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Radical Acceptance: A Gift For Yourself During The Holidays

Have you heard of the old parable about the frog and the scorpion? A quick summary is as follows:

“A scorpion was at the edge of a river and he asked a frog for a ride across. The frog hesitated at first, saying that if he gave such a ride to the scorpion, the scorpion would sting him. The scorpion replied by saying that if he did so, they would both drown. The frog finally agreed, and halfway across the river the scorpion stung the frog. As they both started to sink, the frog asked why he would do such a thing. The scorpion replied that it’s simply in his nature to do so.”

Spending time with friends and family during the holidays can be stressful. It’s been said that if we think about what creates stress, we realize that it is the product of what reality is and what we want reality to be (or what we believe “should” be). This holiday season, as you are sitting around the dinner table, making small talk in the living room, or helping out in the kitchen, it might be helpful to recognize that, in some way, we are all scorpions. We have our nature, our ways of doing things, our personality types, and our opinions. Sometimes they may clash or conflict with others’ natures, even those we love (which makes it that much harder).

It can be easy to get caught in the mind-trap of thinking things like “if only she would relax more,” “if only he could be more thoughtful to others,” “if only they recognized how much I have been doing,” etc. Wanting people, particularly those we love and care about, to be different from who they are can create stress, aggravation, and even emotional pain for us. This, in turn, can get in the way of spending quality time with our loved ones.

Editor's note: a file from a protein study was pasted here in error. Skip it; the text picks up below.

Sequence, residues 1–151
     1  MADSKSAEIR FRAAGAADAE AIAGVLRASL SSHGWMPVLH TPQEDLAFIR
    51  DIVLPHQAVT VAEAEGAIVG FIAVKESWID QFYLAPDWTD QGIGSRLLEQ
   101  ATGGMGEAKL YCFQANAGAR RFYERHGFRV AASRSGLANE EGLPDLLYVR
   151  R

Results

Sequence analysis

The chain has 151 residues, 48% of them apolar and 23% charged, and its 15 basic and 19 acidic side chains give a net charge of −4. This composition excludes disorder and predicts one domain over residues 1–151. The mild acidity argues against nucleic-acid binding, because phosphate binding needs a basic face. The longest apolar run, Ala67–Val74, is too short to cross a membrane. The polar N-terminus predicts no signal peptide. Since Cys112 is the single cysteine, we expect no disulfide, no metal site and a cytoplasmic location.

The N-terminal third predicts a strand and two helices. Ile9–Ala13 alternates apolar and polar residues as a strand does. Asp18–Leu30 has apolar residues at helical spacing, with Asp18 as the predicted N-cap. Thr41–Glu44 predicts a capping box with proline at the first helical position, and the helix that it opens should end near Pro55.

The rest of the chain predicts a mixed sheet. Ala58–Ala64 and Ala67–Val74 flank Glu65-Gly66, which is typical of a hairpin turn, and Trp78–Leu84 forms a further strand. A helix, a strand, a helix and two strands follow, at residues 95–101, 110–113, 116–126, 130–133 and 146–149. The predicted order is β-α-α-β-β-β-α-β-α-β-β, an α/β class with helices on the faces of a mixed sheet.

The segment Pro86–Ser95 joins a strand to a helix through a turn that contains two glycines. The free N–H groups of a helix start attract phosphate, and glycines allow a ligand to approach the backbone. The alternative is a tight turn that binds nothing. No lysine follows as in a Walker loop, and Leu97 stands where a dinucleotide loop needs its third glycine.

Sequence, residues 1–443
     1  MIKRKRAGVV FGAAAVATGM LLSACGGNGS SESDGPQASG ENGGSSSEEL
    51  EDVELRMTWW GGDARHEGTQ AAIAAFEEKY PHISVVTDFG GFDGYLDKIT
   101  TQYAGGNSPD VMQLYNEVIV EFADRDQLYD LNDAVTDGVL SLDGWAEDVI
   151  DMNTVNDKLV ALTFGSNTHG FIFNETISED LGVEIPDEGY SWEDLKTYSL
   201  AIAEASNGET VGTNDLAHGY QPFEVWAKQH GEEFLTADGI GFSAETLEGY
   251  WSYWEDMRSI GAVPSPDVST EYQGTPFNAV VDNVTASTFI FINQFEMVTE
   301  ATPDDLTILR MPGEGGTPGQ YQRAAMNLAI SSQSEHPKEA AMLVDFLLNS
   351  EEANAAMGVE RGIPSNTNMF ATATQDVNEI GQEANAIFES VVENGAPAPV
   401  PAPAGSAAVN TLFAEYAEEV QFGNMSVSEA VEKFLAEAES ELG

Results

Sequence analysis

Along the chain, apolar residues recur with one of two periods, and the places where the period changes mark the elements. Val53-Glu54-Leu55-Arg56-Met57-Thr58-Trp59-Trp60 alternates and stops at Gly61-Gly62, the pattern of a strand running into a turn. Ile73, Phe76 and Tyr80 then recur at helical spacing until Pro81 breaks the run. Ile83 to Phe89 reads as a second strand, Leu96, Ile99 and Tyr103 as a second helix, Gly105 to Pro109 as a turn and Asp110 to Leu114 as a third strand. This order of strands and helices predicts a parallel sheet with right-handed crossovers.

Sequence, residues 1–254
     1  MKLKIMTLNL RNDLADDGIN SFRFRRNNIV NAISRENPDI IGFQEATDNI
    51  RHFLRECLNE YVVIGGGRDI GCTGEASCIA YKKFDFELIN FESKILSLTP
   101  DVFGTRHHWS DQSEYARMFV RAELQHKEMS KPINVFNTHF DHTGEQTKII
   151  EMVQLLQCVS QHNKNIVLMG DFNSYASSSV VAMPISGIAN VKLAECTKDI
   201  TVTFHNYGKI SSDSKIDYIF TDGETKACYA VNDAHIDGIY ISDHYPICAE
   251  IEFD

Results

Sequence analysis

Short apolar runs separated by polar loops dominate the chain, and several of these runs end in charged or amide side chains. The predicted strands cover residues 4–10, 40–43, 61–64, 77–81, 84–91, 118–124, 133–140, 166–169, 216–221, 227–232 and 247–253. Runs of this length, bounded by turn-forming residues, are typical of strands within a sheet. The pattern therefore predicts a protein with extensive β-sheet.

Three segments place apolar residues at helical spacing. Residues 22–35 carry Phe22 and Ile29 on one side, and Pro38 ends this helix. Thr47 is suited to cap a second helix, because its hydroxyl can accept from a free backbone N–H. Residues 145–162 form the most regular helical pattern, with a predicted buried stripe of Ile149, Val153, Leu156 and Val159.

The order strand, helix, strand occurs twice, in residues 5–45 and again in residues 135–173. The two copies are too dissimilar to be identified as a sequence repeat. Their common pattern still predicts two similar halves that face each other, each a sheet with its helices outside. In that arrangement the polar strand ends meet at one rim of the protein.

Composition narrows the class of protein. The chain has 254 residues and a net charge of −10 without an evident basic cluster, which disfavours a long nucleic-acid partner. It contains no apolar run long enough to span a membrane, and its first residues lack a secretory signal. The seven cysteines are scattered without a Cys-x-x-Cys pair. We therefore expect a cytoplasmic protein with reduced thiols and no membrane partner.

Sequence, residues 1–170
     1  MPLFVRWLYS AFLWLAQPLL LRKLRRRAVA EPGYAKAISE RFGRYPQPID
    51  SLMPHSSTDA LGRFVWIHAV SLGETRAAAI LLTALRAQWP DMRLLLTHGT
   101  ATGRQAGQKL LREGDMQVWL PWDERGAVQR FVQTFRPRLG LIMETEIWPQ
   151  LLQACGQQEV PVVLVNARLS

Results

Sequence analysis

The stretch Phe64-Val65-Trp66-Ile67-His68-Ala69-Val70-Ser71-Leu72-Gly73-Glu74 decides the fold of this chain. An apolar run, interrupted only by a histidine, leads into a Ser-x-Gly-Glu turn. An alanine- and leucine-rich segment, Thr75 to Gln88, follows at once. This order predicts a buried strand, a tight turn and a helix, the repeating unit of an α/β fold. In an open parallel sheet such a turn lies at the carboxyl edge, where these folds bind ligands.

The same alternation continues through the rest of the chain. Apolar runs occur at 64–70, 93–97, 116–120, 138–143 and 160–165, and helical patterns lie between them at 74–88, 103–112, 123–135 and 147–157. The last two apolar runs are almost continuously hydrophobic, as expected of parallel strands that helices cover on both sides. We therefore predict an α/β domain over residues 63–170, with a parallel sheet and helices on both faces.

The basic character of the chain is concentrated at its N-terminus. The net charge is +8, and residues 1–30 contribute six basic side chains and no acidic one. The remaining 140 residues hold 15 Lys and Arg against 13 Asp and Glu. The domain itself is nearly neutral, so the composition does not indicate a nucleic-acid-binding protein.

Radical acceptance in these situations means truly accepting others for who and what they are and catching ourselves when our minds are telling us how much we want them to be different. This is different from simply “tolerating” others. Imagine yourself sitting around the Thanksgiving Day dinner table with your family. What would simply “tolerating” certain family members look like in action? Perhaps it would look similar to ignoring them, or briefly acknowledging them but then turning your attention elsewhere (“If I don’t have anything nice to say…”). Now, imagine what truly accepting certain family members would look like in action. Perhaps this would look more like active engagement in conversation, or initiating an offer of more food or drink. You might still be having the thought of how you would like this person to change. You might even have thoughts related to how truly embracing them for who they are makes you a pushover, vulnerable to be taken advantage of, appear to be ignorant or weak, etc. However, you can also recognize that your actions don’t have to follow your thoughts.

Why would you want to do this? Being the type of family member (parent, sibling, son/daughter, cousin, etc.) you want to be, living consistently with your values, can help you feel good about yourself. It can be very freeing to practice letting go (over and over again, because this isn’t easy!) of what you think should be and simply embracing what is. Focusing on what you can control, and recognizing that it is extremely difficult and often exhausting when we try to control others. In letting go of the struggle, you just might notice something in someone that you had missed before because you were so busy focusing on what they were not.

Challenge yourself to see how many acts of radical acceptance (and these are actions, not thoughts or emotions because we can control our actions much easier) you can engage in during this holiday season and see if you are surprised by what comes of it. While you are doing so, remember to practice radical acceptance towards yourself as well. Notice when you are having thoughts related to how you may not be good enough in one area or another, or how you might not deserve something, and then simply loosen the grip of these thoughts and engage in actions that are consistent with accepting yourself for who and what you are.

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Phone: 512-697-9123; Email: [email protected]


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